‘Not’ punching as a Way of Life
Did you know….
you will be happy every day
if you work out every day?
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How many Martial Artists does it take to screw in a light bulb?
The others sit around and say,
“We have that in our system.”
it’s a terrible joke.
I actually prefer this joke:
How many buddhas does it take to screw in a light bulb?
One to screw in the light bulb,
and one to not-screw in the light bulb.
I often wonder how many people actually understand that.
how do you ‘not-screw’ something?
how do you ‘not-do?’
It took me about 20 years to figure out how to not-do something,
and this in spite of the fact that I actually understood it.
But knowing about something
is not the same as knowing something.
So when you are beginning,
This has the benefit of making muscles,
and impressing the girls.
After a couple of decades
you realize that you aren’t getting stronger.
you realize that the harder you go,
the more it hurts.
I started getting headaches from punching.
Whiplash, you know.
So I started changing things.
I didn’t want to give up the martial arts,
and I realized that if they were hurting,
there was something wrong.
I was doing something wrong.
One thing I did was read all the old texts.
Old books on zen,
that sort of thing.
if I was hurting,
and I was doing what everyone else was doing
then somebody else must have hurt, too.
And it was in the ‘not-do’ concept of Buddhism.
now I didn’t understand it.
But I understood it when I was 20!
But at 40,
I didn’t get it.
The solution to understanding this concept
came from The Tao.
There is a line in it…
a very neutronic line…
‘Do nothing until nothing is left undone.’
Lights came on in my dusty cranium.
Synapses clicked in my neural patterns.
Even the zombie circuits came alive!
I started hitting softer.
I stopped seeing how much impact I could create,
which was the result of hitting harder,
and began looking for
how soft I could hit,
here it comes…
how much weight I could deliver
that was a real ‘not-doing.’
It was zen, baby,
right from the root.
to be honest,
it probably wouldn’t have worked
if I hadn’t spent all those years trying to hit hard.
I had to have a certain amount of yang
before I could have a certain amount of yin.
It’s sort of interesting,
the universe is built of yang,
but there is more yin.
Yang is things.
Yin is not-things.
Not things include the space of things,
all the rest of space.
Here is the key to understanding.
It’s not how hard you hit,
it’s how much weight is transferred,
but then you have to go backwards again,
and take even the weight out of the strike.
once you go through these steps
something interesting happens.
In the old Chinese texts
There was reference to hitting something
and invalidating the atoms.
Making the molecules hurt.
And I found that the softer I hit,
and the less weight I put into the the strike,
the more I could feel…atoms.
but hitting softly,
with more yin,
putting space into an object (body)
and the body didn’t like it.
It was like the atoms got invalidated.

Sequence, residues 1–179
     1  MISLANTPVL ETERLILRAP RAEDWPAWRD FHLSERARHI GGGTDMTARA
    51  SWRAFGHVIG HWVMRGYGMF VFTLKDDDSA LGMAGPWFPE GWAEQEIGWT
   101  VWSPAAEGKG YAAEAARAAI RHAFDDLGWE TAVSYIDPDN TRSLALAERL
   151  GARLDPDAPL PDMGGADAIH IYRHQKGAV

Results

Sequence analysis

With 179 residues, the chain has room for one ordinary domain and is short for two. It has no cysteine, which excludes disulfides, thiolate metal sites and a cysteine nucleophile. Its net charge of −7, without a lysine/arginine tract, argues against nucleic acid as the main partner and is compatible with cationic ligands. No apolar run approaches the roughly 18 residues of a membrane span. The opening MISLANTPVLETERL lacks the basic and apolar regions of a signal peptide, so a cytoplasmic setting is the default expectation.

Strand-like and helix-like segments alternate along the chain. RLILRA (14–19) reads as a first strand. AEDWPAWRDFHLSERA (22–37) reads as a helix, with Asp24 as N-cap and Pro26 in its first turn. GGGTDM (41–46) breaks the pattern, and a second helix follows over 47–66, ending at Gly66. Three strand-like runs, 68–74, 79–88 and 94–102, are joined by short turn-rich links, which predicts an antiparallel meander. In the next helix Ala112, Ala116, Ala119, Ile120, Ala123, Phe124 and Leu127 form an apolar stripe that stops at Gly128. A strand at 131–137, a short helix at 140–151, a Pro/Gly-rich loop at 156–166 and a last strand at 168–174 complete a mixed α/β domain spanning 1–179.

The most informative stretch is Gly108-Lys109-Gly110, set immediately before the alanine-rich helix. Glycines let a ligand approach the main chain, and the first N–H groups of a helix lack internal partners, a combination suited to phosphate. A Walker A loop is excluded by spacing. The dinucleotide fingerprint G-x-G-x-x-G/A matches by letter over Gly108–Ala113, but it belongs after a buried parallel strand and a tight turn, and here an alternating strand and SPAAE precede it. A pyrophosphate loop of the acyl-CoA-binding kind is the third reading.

So if you hit with yang,
force on force,
then things simply break.
They just reach a point of breaking
and the object doesn’t mind that.
But if you hit with yin,
understanding what force is,
then the object that you are striking wants to go away.
I guess the only way to think about it is like this…
something in the universe (a body, for instance)
doesn’t mind being broken,
for that doesn’t change it’s ‘somethingness.’
but when you hit ‘something’ with less force,
to the point of hitting it with emptiness,
so that the idea of emptiness goes into the somethingness,
then that something is in threat of being changed,
it doesn’t like it,
it wants to run away.
It is invalidated,
made more wrong than it understands wrong to be.
you can see the video of me hitting something with yin
on the Matrixing Chi page on the monster.
unless you have developed enough force to understand force,
and then gone the other way to understand ‘not-force,’
or the opposite of something (nothing…to the extreme),
you won’t understand it.
But that’s okay,
you just read the words,
have a little faith,
and do a lot of practice,
and what I say is going to make PERFECT sense.
Have an awesome work out!
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Hi Al. Great topic and one that goes right along with what I am currently working on. I have been matrixing Hsing-i over the last several months. As I have said before Hsing-i is partially matrixed already but not with respect to the individual footwork patters and the individual techniques ( ie. Tiger form with Crushing Fist footwork) On a fundamental level, Hsing-i is just basically throwing your weight forward. I had an awful time with this concept at first but I eventually developed some training methods which I felt helped expedite the process. One was using a heavy bag. The free standing bags with water bases seemed to work much better than hanging ones for some reason. What I would do was punch the bag while relaxing my arm as much as possible and try to move the bag by shifting my weight forward from my ankles. At first you can’t do much of anything but collapse against the weight of bag. After a lot of practice you begin to push the bag. Later on you can begin to jolt the bag with short bursts. And that is what Hsing-i basically is – a “short burst” martial art. The strikes work much better when launched from the halfway position (fist at elbow) instead of from the dan tien as you see most people doing. That’s kind of drifting into the Wing Chun concepts but it’s still Hsing-i. I’ve also been playing around with the Shaolin course and I am amazed at how simple you’ve made it at no loss of effectiveness. Keep up the great work!